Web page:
“Every single component of the system is equally important,” he explained. “We truly have to work together as a team to ensure that everyone is taken care of.”
Ferguson talked about how call volumes are increasing to take care of an aging population.
“The simple fact is EMS providers see a 7-percent increase in calls every year,” he said. “That is a trend that we expect to see continue.”
Many of the EMS agencies in Pennsylvania are reliant on volunteers to fully staff the vehicles.
“There are portions of this Commonwealth, and portions of this country, where volunteerism still runs deep,” Ferguson explained. But in many areas, the number of volunteers is decreasing, forcing many communities to boost spending to maintain the level of coverage.
Ferguson said that there are many factors that contribute to the declining number of volunteers—for starters, there are many more two-income families, and people are working harder and for longer hours. There are also many more activities for children to enjoy, so moms and dads are more often traveling to take their children to baseball tournaments or dance classes or robotics events. People have more demands placed on their time so they can’t volunteer as often.
At the same time, to ensure a high quality of care, first responders are being asked to undertake more and more training. There’s nothing wrong with high expectations for care, Ferguson said, but it does make it more difficult to attract and maintain volunteers, especially at a time when people have so many other obligations.
“The expectation is that someone who is highly trained and competent will show up and provide whatever you need to feel better,” Ferguson explained, but the additional training places more demands on the volunteers.
Ferguson also briefly talked about EMS billing, and the payments that EMS agencies receive for services. He explained that many people believe that EMS agencies bill and receive full payment for all services. The reality is that, on average, 50 percent to 70 percent of all reimbursements come from Medicare, government-contracted MCO's and Medicaid. There are fees for services for these programs that have set payment rates, regardless of what it costs the EMS provider. It may cost an ambulance division more to go out and respond to a call than it will receive in reimbursements from Medicare, government contracted MCO's and Medicaid. Ferguson pointed out that no business model will work if the costs to provide a service are greater than the payment for those services.
Sometimes, an EMS agency won’t be reimbursed at all for a call. Currently, if someone calls 911 and the first responders are able to resolve the issue without transporting the patient, the ambulance division may not be reimbursed. State lawmakers are looking at “treat-no-transport” legislation that would allow ambulance divisions to be reimbursed.
The state also increased funding for the Medicaid fee schedule.
Emphasizing the local aspect of EMS services, Ferguson said that, moving forward, EMS agencies and municipalities must communicate effectively to understand each others’ needs. Municipalities must also consider cooperative agreements with other municipalities and agencies.
Ferguson also said that, in the future, there could be an increase in “paramedicine” where EMS providers will be offering services to help people address issues before they turn into an emergency situation that requires health care with the highest costs.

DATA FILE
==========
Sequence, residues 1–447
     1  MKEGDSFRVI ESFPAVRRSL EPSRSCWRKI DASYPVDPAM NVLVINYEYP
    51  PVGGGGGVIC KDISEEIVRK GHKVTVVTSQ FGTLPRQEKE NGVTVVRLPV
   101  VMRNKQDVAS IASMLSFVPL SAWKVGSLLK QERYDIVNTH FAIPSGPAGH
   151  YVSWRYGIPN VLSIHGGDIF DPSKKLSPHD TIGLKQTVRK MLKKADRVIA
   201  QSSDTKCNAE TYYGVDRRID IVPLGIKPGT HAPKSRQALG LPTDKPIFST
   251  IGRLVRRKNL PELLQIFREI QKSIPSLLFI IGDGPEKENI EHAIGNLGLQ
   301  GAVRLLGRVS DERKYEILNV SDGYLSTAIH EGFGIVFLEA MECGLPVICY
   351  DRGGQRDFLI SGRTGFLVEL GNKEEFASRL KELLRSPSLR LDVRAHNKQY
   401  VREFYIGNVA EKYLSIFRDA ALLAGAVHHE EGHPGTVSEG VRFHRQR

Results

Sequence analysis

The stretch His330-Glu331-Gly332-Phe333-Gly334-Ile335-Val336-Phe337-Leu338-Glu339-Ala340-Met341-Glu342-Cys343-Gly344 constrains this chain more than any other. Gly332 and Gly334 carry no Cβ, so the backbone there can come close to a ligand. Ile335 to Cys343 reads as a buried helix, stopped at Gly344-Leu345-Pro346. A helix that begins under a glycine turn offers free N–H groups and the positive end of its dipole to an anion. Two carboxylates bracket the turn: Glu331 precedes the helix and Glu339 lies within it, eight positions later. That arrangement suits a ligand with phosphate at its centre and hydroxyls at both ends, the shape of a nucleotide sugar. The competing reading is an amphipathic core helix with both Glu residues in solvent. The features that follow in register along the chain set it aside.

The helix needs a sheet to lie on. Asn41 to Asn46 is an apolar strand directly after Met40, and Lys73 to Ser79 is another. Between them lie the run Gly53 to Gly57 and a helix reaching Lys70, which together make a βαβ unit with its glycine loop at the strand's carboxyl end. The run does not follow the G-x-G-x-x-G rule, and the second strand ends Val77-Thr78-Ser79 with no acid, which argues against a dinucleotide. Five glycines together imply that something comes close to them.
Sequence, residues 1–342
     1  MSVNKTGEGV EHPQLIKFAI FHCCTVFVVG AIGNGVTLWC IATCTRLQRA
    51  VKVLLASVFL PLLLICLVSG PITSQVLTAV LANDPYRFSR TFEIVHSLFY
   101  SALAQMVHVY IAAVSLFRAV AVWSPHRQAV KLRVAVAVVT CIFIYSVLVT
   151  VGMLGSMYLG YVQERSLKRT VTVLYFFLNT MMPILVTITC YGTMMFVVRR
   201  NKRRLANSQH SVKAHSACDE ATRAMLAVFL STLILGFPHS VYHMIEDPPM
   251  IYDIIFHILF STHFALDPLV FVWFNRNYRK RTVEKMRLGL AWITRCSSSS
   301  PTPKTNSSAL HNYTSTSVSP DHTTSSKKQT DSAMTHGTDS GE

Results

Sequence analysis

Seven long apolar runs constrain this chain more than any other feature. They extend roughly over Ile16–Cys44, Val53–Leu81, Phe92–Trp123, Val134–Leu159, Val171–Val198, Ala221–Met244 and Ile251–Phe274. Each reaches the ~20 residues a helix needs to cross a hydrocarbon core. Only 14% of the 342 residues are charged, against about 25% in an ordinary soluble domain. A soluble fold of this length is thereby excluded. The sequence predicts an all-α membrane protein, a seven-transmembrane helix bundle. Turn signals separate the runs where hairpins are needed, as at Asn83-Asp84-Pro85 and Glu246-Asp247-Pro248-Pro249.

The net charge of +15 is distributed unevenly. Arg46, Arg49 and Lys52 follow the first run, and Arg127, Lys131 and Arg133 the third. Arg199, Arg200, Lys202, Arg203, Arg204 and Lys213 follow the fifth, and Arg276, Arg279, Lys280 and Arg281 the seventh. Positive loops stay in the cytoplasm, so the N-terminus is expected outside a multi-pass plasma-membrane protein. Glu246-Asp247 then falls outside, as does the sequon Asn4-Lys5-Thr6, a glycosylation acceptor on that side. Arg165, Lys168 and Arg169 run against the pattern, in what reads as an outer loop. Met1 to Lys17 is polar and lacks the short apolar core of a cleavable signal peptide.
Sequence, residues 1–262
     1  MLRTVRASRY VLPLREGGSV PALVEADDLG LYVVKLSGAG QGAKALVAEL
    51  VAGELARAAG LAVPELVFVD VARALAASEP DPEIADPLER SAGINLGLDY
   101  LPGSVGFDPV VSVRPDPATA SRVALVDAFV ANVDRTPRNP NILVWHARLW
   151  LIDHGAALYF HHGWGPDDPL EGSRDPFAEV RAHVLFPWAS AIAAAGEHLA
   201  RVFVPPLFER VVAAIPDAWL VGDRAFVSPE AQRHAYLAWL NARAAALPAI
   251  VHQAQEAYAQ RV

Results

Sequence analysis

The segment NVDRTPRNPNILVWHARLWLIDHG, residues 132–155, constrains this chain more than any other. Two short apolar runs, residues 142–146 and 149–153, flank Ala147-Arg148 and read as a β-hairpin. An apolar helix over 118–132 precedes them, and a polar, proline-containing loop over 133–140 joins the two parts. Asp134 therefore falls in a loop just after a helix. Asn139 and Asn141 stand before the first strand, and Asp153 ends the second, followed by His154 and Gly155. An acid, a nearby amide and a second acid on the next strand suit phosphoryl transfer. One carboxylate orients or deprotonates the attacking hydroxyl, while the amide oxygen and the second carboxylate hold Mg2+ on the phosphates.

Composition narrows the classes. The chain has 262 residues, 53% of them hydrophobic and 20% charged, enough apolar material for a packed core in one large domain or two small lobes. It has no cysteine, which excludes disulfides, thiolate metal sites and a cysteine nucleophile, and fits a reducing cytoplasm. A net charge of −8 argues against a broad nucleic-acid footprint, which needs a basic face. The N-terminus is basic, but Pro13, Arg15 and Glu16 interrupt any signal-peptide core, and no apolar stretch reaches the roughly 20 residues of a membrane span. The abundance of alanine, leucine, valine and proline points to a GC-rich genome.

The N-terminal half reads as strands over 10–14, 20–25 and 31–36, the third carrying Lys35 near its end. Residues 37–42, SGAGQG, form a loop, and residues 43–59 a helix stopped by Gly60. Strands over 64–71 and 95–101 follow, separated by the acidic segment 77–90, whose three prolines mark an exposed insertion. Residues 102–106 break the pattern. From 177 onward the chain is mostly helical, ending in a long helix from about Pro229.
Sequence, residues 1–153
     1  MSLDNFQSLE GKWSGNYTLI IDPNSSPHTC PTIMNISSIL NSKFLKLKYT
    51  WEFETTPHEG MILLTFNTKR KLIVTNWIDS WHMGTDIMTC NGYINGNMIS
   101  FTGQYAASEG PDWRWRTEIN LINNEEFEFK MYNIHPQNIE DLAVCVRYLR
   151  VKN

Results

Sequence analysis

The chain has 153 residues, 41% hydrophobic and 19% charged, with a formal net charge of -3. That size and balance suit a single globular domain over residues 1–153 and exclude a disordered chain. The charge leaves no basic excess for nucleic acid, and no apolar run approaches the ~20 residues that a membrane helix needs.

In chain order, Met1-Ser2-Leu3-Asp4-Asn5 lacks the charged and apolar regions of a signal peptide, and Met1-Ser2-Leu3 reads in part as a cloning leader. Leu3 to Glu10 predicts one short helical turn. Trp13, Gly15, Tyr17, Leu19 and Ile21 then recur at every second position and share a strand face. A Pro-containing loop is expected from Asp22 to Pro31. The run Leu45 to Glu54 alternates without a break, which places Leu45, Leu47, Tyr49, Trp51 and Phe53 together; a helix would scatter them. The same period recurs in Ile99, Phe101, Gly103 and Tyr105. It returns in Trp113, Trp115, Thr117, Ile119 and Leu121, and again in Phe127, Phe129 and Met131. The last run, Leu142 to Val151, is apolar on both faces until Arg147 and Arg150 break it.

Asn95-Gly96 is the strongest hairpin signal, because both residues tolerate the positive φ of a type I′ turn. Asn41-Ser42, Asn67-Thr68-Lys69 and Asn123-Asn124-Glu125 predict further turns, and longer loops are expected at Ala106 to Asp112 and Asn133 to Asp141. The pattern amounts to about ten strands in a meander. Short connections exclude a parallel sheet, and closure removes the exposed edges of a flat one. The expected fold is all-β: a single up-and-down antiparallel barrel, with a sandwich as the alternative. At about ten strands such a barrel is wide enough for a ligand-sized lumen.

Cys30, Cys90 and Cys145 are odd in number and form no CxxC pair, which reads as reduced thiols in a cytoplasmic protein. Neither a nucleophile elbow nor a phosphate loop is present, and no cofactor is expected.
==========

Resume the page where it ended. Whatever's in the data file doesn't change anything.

“We can take a serious look as communities, as EMS providers, as agencies, to think outside the box,” Ferguson said.
During a brief Q & A period, one Kennett Square resident shared a story that illustrated the importance of quality EMS services. The man explained that his wife fell in the home and broke her neck. There was a quick response from first-responders. Today, she is doing much better, in part because of the prompt and professional treatment. The man said that they would be willing to pay higher taxes to ensure that that kind of service could be maintained.
Ferguson said that a variety of factors need to be evaluated when a local community makes decisions about EMS services.
In the coming months, there will be conversations taking place in the Kennett Square region. The presentation by Ferguson provided some valuable information for officials and residents to consider.
“Right now, there is not a specific path forward,” Fetick emphasized. “This is the beginning of the conversation, not the end.”
Elements of a viable EMS system
The Kennett Regional Fire and EMS Commission has been tasked with studying how fire and EMS services are provided—and paid for—by Kennett Square Borough, Kennett Township, East Marlborough Township, Newlin Township, Pennsbury Township, and Pocopson Township. In 2017, those six municipalities agreed to form a commission to look at how fire and EMS services are provided and paid for in the region, with the simultaneous goals of optimizing services for residents while also identifying the most efficient way to pay for those services.
During his presentation, Dylan Ferguson, the director of the Pennsylvania Department of Health, Emergency, and Medical Services, outlined the elements of a viable EMS system. This is of particular interest for residents in the Kennett Square region because decisions about how to maintain viable EMS divisions (and fire companies) are looming.
So what are the elements of a viable EMS system?
Ferguson outlined them:
~ Adequate call volume:
There must be a sufficient billable call volume to support the level of service.
~ Cost of readiness:
Being able to sustain and absorb the costs of 24-hour and year-round readiness.
~ Effective administration of the agency:
Management of human resources, operations, compliance, and billing.
~ Adequate reimbursement for services provided:
Just as there must be adequate billable call volume, the reimbursements at the EMS divisions receive for their services must be sufficient to cover the costs of providing those services.